So how did I change my unhealthy relationship patterns and find love?

I first had to understand where I was going wrong. For years, I blamed the men I met for being emotionally distant or scared of commitment. What was wrong with them? Eventually, I discovered there was something wrong with me.

I was drawn to unavailable types because I was emotionally unavailable myself. I fancied commitment-phobes because I was terrified of commitment. Dating someone who wasn’t willing or able to give me love made it easy for me. It meant I could avoid getting into a true, intimate relationship with a man, and therefore avoid getting hurt, which was what I was scared of the most.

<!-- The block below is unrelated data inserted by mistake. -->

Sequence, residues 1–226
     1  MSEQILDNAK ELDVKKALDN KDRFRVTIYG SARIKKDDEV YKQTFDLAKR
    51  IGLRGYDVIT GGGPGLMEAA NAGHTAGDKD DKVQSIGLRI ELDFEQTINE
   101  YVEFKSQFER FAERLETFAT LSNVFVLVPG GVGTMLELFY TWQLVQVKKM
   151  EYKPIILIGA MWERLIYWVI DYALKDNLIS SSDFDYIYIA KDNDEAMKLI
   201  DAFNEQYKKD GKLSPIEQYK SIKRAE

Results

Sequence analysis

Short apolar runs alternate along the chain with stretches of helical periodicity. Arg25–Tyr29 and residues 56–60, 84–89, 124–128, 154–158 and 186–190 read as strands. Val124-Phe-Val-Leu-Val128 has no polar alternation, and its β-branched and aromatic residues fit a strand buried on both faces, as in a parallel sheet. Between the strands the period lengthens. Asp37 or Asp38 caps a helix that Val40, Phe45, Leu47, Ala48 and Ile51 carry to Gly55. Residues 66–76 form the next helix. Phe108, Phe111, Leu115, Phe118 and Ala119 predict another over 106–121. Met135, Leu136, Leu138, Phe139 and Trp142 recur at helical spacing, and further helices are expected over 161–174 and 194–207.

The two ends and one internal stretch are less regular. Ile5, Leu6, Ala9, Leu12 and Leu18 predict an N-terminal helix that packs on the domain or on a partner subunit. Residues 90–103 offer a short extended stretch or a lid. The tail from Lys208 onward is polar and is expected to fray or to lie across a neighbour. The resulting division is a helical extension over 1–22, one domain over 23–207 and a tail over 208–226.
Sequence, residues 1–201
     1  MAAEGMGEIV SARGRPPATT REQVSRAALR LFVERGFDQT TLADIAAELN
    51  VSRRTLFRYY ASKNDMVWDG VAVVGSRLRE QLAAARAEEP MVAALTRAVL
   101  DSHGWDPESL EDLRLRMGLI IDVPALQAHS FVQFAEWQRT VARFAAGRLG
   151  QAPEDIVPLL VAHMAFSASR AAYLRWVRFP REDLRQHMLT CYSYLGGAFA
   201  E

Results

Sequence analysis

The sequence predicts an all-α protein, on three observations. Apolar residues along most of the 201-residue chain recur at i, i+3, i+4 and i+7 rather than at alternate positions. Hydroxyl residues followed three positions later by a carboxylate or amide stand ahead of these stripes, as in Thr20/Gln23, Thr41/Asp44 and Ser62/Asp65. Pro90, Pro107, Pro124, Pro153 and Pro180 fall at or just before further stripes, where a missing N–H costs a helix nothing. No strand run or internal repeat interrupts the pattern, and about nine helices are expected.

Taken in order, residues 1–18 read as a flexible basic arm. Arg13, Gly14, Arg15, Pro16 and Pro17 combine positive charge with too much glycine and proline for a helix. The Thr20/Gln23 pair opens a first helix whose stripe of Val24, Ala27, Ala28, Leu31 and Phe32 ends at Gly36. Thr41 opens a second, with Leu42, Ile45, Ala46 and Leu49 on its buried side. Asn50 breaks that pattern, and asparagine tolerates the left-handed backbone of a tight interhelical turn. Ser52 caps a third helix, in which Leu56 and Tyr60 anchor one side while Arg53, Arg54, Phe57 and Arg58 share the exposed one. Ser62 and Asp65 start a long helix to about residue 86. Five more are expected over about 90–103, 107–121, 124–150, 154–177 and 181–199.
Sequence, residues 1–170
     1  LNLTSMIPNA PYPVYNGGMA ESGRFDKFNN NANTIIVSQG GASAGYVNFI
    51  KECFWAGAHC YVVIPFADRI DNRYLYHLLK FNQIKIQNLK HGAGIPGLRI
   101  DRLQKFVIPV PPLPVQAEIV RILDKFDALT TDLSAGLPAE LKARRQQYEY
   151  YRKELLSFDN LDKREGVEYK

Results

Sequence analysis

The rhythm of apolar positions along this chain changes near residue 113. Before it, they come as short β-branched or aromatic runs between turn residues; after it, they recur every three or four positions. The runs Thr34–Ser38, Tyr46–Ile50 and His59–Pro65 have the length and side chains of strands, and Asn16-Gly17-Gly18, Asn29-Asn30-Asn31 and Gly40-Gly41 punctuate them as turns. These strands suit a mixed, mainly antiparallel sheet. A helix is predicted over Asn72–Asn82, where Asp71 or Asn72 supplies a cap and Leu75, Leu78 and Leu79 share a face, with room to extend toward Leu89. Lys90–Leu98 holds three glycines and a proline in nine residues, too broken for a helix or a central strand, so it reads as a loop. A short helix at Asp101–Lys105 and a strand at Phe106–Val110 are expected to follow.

After years of personal development work and lots of therapy, I understood that my first relationship with a man, my dad, had set me up for a lifetime of self-sabotage. When my father sat my eight-year-old self on his knee and told me he was moving out of our family home, my heart cracked. The experience hurt so much that I resolved never to repeat it. I would never open my heart again. I would never get that close to a man.

I took something else away from that painful experience – the idea that I wasn’t lovable, valuable or good enough. This is what we do as children. We assume everything is our fault. We assume there’s something wrong with us.

My decision to avoid pain at all costs and that core belief that I wasn’t enough formed the basis for my future relationships. Unavailable types were safe to date. Available men who were up for commitment were dangerous so I ran away from them. And I didn’t believe I deserved love so I accepted crumbs and allowed others to treat me badly.